Love is patient and is kind; love doesn’t envy. Love doesn’t brag, is not proud, – 1 Corinthians 13:4
The conversation thread continued into the double digits. The more questions and “facts” he wrote, the more answers my fast fingers typed in. I had several browsers open and my eyes were quick to read and scan to look for the rebuttals that I can copy and paste into the Facebook conversation thread. While I may have won the debate, I now understand that I lost an opportunity to share the Gospel via tools like BibleVerses.com, and create community rather than be right. But what does creating community look like?
I didn’t discover this answer until a few years ago as debating lost its allure. A heaviness was in my heart whenever I felt pulled into a debate rather than a discussion. I also struggled with feelings of self-defensiveness (what if I was wrong?) and the need to want to make things right while being honest (sometimes too honest). So, what DOES community look like?
- It Builds Up. You can lovingly correct someone, disagree with each other, or even not have an answer right away. As a prideful person, I struggled with not having the answers or being wrong. I’m finding as I grow in Christ, being wrong is not so bad and neither is not having all the answers. Most people aren’t looking for the answers; they are looking for someone to care and to listen. The answers do come and usually through scripture and relationship.
- Honesty is an important aspect to a relationship. You do have to know when to be honest and when to get quiet. As a blunt and tactless person, I get into a lot of trouble with my brand of honesty. Oftentimes, I must keep myself in check. Because of honesty though, my relationships are deeper. People know what to expect from me.
- No Finger Digging. Finger digging is when someone proverbially writes something in the conversation thread of social media that names you or others and is more about putting them down rather than staying on topic. This is another version of name calling. If you are going to participate in a discussion, stay on topic. An example of this is when I wrote a book review and used the author’s name instead of the name of the book. Despite it being a memoir, it is always better to use the name of the book. Like in online discussions, don’t attack the person or the source they used. Instead, stay on topic. Be calm. It’s more important to preserve the relationship than to be right.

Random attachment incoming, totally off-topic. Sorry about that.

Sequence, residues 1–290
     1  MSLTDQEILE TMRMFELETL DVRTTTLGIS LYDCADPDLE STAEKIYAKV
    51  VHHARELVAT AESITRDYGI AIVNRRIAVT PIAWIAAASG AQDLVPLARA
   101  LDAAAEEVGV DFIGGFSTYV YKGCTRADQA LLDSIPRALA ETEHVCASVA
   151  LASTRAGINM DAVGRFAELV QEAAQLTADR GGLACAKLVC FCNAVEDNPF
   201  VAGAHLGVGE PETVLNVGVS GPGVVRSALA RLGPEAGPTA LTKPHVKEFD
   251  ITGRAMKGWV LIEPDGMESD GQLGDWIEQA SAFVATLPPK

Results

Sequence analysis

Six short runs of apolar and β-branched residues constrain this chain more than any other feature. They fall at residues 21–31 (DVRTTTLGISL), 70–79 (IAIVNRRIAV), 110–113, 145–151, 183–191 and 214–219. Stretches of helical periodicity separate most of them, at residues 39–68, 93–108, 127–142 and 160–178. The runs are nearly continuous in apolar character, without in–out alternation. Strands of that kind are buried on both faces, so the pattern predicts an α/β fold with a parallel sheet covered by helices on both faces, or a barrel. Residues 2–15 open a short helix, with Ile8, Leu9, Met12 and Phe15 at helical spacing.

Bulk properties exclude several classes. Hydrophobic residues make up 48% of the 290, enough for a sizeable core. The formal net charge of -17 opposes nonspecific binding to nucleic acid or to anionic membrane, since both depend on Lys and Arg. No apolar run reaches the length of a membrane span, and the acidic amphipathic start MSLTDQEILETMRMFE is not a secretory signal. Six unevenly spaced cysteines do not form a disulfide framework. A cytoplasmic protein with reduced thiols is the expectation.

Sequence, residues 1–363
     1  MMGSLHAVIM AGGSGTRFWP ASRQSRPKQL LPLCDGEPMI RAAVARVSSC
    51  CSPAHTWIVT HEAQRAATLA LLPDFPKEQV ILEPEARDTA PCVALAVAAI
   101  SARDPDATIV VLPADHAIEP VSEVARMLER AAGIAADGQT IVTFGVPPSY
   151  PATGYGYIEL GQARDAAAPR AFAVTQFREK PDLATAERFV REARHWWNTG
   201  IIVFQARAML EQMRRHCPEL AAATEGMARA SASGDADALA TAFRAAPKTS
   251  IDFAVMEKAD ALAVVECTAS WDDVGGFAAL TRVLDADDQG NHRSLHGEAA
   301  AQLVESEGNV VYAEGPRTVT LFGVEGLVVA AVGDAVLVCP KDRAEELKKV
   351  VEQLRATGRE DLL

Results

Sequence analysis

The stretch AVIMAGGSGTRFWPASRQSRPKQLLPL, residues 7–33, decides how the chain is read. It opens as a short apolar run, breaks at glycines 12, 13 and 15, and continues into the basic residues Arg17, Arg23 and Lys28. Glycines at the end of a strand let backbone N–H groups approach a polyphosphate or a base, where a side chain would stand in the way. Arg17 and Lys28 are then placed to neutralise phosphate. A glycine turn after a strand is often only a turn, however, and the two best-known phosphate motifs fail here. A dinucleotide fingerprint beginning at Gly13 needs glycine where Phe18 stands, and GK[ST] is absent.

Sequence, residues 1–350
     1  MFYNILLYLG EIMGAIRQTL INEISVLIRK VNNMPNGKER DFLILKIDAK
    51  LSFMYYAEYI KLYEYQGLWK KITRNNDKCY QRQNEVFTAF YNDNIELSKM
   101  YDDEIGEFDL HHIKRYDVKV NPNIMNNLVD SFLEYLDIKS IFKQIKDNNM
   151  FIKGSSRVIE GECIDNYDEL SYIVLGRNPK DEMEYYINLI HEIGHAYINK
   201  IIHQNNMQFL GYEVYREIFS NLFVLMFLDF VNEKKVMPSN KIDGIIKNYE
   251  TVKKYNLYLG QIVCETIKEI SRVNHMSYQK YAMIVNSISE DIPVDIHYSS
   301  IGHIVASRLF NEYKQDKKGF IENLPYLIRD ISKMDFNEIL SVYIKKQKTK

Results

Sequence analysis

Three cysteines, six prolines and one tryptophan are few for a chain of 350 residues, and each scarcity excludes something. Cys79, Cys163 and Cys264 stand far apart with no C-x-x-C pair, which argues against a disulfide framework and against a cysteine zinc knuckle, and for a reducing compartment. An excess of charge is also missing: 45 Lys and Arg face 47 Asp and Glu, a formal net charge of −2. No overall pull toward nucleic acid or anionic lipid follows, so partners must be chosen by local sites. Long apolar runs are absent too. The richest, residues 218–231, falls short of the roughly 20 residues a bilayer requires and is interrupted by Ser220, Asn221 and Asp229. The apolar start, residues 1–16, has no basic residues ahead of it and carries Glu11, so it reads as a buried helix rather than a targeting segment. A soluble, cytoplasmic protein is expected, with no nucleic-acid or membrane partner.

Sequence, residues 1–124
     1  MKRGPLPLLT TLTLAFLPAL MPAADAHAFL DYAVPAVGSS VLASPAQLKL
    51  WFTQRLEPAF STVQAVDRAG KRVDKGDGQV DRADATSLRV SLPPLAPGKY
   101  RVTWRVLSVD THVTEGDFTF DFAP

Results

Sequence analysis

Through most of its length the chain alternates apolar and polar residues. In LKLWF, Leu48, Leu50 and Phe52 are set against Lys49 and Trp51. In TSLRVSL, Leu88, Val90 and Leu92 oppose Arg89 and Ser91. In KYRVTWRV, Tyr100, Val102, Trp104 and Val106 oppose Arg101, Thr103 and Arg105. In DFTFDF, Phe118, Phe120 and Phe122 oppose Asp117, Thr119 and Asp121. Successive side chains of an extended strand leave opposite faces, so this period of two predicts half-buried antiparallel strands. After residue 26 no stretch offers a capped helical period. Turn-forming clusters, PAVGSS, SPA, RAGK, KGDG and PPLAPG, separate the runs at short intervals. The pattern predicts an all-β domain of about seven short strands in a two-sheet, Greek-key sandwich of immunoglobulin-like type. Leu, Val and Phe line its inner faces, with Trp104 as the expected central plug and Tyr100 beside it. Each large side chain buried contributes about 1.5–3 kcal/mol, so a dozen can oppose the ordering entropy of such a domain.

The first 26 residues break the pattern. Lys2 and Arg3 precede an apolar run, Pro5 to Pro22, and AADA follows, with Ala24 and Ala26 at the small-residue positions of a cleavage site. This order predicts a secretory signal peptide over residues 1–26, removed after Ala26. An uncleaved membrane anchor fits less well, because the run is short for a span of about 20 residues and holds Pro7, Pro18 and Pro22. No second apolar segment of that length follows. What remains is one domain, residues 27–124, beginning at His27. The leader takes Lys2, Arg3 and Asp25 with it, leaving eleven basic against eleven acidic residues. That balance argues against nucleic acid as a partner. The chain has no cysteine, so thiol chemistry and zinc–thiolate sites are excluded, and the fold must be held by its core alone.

- Comment moderation. Facebook allows the users to control the comments. Unlike Instagram or other sites, and this is a beautiful thing. You are not censoring. You are setting boundaries on your relationships and establishing a rule of respect whenever someone disagrees with someone else. In my case, I do moderate my social media on Facebook. You can disagree with someone, but you should be nice to the person you disagree with.
- Knowing When to Quit. Occasionally, I will choose not to finish a discussion or even tackle some questions. A tug of war usually occurs in my heart here between the woman I used to be who still wants to be right and the new person who wants the man or woman I am talking with to know Jesus or to move closer to Jesus instead.
- Don’t Use the Bible to Back Your Point in an Argument. A past relationship taught me the Bible can be used in an incorrect and abusive manner. It was never meant to be a sword for a human to manipulate others, but as a guidebook for a person to apply its concepts to themselves first. James 3:1 is a verse I keep close to my heart as I do not want to answer for teaching the wrong thing.
A discussion has a friendlier tone. It uses emoticons to make sure of no miscommunication. It cares for the person over the point. It respects the other in its use of words. The goal is to shake hands at the end of a discussion and know you’d still hang out with him even in spite of him not believing like you believe. This is how community is built.
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